What are the appearance settings?

Appearance settings allow you to edit the colors, fonts, and layouts of components and other general settings in your app. 

There are two ways to set the appearance of items in your app. You can set them for an individual component or you can apply them to your app’s theme, which will change the appearance settings for all similar components across your app simultaneously. 

Get Started

  1. How to use the appearance settings
  2. Why use appearance settings?
  3. Options of the Appearance Menu

How to use the appearance settings

A list of common options is in the article below. These may change slightly based on the component selected. To edit an individual component’s appearance settings – hover over it and click the paintbrush icon. To access the theme appearance settings click the paintbrush in the right-hand menu. Theme appearance settings are great for quickly styling your app and applying brand fonts and colors. Individual component appearance settings are best for fine-tuning your app’s appearance.  

This will open the appearance menu on the right side of the screen. To change a value – you can click to edit it or in some cases, you can click and drag the value. Dragging a value is particularly helpful for things like width where you may not know the exact numerical value required and it’s best judged by eye. 

You can also make changes for different display sizes – making a change on mobile will affect tablet and web.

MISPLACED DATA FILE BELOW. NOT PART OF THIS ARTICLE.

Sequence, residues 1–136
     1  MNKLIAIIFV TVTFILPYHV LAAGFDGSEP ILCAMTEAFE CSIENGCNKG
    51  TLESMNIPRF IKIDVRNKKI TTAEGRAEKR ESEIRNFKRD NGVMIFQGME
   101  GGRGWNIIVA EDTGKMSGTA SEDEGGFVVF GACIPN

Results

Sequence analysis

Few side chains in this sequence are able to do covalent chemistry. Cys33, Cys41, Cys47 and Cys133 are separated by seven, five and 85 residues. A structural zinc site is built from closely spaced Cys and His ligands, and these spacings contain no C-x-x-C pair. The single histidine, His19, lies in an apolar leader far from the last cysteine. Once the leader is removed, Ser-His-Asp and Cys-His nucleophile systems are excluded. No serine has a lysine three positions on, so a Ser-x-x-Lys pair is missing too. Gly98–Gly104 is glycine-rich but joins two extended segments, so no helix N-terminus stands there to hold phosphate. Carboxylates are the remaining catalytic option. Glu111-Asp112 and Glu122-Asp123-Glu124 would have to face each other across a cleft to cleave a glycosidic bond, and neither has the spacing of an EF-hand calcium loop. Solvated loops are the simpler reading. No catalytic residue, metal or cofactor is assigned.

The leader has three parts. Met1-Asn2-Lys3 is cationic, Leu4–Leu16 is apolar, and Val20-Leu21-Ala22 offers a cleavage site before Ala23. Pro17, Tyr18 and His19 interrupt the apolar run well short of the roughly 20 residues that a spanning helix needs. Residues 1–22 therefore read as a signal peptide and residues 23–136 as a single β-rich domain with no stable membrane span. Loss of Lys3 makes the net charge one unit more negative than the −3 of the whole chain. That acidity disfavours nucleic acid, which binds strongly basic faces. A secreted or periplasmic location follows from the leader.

Many of the field values have different options for the value’s units.  You can change the units by clicking on them. Below is a summary of the commonly used units:

  • Px is the number of pixels. This is the most commonly used option.

  • Em is a size relative to the element’s parent’s font size. 1em = same as font size

  • Rem is a size relative to the root’s font size. 1rem = same as font size

  • % is the percent relative to the container, typically the whole screen. This is common when you are trying to make the app responsive across many different display sizes.

  • Auto will create sizing or spacing automatically

  • None will not use the selected value

Why use appearance settings?

From the appearance menu, there is a quick settings option that will change default colors and fonts across all components. You can edit more general options, menus, and all the components of the same type, say primary buttons, by expanding that option. You can also edit components for specific types of displays: mobile, tablet, and desktop. 

However, anytime you want to edit a single component’s appearance, you can use the component’s appearance settings. For example, if you had two buttons together on a screen, and wanted them side-by-side, you could edit those two buttons to be 50% width and enable row sharing by clicking the icon in the positioning section, allowing them to be on the same row. This way, it wouldn’t resize or move all the buttons across your app.

Options of the Appearance Menu